I recently read a blog post by Hannah Feldberg-Dubin of the Design Gym. She describes the capabilities required to be a highly effective facilitator. Several of her key points pertain to preparation for an important meeting or workshop. Let's focus on that important preparation phase f or a moment. Drawing from her article, here are a few lessons that you might apply the next time you have to lead a team meeting:
1. Physical space & materials: What type of physical space do you require? What materials should you have available for the participants? Remember that environment shapes behavior. How you design the environment will have a significant impact on the way people interact during your meeting or workshop. If you want collaboration, think about how to promote that. If you want to stimulate creativity, consider the types of materials that might be fuel for innovative thought.
2. Purpose & desired outcomes: What is the intent of this meeting or workshop? What are the desired outcomes? Make sure that everyone understands the intent and the desired end state.
3. Shared norms and ground rules: How will the group members interact with one another? What rules of engagement do you want to establish and enforce during the meeting? I suggest creating a poster for the wall that defines these norms and ground rules.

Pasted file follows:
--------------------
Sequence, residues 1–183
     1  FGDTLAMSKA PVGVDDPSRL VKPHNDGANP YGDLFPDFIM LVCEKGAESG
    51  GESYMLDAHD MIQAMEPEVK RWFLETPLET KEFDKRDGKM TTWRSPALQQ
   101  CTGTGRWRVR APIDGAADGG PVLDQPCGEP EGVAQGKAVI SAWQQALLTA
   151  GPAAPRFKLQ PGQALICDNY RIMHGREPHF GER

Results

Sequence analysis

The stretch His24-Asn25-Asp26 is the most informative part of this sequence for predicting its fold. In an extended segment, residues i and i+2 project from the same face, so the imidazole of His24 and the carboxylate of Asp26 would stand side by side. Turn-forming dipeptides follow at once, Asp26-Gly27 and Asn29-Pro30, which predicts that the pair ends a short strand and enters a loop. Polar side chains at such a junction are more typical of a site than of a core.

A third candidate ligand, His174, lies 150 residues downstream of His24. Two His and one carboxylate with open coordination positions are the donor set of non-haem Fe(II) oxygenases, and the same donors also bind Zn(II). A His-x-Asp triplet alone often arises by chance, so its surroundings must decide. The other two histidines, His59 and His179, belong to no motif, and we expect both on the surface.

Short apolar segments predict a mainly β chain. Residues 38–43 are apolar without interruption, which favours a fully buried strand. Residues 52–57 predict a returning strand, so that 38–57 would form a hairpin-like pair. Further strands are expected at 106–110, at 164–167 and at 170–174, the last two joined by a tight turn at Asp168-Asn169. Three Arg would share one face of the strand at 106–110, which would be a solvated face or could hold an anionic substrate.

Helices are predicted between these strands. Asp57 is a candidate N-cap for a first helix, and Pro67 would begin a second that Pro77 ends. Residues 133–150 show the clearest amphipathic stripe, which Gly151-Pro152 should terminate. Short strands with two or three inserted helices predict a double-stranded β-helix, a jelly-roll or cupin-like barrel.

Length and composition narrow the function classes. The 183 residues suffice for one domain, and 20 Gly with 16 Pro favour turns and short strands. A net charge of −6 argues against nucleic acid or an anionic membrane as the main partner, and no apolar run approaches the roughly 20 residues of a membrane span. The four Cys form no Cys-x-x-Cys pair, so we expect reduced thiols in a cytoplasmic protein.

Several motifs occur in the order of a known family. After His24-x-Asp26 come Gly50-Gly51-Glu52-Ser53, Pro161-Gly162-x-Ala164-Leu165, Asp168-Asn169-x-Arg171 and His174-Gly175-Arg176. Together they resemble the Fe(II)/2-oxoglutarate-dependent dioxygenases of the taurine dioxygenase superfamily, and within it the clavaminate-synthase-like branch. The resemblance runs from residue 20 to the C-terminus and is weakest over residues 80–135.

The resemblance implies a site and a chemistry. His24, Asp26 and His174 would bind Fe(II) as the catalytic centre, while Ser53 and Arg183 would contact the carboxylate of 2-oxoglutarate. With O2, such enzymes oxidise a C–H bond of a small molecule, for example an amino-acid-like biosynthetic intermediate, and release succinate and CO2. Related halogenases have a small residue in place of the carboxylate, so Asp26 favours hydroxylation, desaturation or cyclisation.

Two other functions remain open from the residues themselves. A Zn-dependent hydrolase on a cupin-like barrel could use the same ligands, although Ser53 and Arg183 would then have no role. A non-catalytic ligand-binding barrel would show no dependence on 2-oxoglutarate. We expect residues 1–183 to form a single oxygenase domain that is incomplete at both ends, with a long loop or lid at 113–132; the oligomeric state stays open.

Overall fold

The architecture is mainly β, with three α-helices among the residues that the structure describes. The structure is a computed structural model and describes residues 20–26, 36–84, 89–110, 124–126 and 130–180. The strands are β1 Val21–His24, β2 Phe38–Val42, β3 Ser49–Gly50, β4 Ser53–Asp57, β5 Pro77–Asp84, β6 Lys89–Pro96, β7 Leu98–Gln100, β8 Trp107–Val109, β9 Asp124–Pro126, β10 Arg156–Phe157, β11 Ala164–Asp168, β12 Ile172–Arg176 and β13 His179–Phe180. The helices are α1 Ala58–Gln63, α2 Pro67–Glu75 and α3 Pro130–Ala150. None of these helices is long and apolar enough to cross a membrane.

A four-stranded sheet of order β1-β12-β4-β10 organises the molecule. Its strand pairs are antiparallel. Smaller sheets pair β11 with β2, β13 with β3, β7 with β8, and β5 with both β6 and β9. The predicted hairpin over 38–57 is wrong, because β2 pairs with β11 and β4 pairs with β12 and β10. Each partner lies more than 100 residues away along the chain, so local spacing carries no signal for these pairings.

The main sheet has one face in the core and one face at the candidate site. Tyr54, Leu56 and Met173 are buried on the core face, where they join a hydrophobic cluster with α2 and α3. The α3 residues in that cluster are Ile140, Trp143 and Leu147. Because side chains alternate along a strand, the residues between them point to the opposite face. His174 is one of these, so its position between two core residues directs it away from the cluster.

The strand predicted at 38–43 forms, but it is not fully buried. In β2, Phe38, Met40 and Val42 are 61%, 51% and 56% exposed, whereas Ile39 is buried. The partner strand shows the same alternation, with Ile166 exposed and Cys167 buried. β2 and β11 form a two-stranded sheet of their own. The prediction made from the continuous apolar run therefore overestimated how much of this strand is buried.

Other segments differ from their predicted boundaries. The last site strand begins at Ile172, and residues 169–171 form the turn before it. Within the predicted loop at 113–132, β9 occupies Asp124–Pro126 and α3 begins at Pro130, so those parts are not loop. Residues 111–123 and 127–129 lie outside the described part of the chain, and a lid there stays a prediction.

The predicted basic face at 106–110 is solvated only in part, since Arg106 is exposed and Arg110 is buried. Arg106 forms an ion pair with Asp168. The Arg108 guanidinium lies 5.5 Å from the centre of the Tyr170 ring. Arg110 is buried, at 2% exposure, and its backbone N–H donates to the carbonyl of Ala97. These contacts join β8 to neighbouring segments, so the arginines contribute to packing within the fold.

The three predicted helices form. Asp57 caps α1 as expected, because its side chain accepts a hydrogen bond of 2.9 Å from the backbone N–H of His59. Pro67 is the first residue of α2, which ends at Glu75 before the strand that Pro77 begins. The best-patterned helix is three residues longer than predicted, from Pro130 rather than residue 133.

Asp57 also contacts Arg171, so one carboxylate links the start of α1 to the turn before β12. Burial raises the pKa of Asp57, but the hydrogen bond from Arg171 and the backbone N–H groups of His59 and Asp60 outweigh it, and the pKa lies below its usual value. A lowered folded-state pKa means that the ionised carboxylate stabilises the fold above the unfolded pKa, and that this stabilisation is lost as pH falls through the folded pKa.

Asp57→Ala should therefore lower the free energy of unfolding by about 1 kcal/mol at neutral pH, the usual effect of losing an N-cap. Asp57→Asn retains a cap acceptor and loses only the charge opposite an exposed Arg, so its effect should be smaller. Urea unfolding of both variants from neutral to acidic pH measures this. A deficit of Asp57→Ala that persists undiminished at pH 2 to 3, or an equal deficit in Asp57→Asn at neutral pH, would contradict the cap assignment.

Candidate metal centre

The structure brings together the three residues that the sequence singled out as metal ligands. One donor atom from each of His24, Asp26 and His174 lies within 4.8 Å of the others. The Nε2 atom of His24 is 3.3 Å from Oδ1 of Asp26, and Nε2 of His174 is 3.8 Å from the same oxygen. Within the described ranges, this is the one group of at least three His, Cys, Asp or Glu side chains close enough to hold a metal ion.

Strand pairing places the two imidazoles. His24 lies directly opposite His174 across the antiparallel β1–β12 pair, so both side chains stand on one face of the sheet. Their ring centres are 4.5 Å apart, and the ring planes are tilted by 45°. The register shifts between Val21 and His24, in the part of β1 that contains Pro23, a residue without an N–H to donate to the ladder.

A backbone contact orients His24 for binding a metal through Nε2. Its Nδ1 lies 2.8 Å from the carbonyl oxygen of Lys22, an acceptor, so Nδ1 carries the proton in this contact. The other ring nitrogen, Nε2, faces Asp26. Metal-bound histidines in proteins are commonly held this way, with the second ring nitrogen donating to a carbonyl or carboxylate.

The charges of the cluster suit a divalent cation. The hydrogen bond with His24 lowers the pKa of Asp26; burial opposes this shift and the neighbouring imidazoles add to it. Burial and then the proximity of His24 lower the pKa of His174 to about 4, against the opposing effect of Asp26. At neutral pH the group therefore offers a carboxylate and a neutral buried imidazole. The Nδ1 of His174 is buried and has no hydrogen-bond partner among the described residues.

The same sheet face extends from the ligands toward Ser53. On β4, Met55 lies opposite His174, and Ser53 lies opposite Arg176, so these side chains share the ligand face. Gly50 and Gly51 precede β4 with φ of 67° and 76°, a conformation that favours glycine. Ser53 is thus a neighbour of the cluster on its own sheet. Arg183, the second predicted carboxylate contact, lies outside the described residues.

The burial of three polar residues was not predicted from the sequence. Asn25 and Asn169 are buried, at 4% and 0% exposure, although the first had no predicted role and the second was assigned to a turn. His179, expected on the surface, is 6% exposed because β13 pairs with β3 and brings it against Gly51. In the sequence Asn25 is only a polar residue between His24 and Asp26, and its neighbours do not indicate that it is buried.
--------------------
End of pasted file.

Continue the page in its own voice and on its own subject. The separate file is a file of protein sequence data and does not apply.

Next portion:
4. Pre-work: Often, we skip the pre-work because we are not sure that members will actually complete it. However, we can get much more accomplished if people come to a meeting or workshop already having done some reading, conducted some analysis, or reviewed certain data. Keep the pre-work manageable, but consider assigning some work to be done before you gather together.
5. Instructions: If you have certain activities planned, be sure you are prepared to offer clear and concise instructions. Run the instructions by a colleague before the meeting, and ask for feedback. Make sure that these instructions make sense to your colleague, and that he or she interprets them as you intended.
6. Technology: What technology will enable an effective conversation? Don't overdo the slides. Focus on creating a good dialogue, and use technology to stimulate that healthy give-and-take. Don't put excessive technological demands on the participants, particularly if they are not particularly tech-savvy. Test the technology beforehand. Nothing derails a meeting more than having to fiddle with a computer that isn't working properly, or waiting for A/V help to arrive.
7. Food! Ok, nothing derails a good workshop like bad food and drink, or a lack of food and drink. Maintaining energy in the room is key to good facilitation, and a bit of fuel can be very helpful.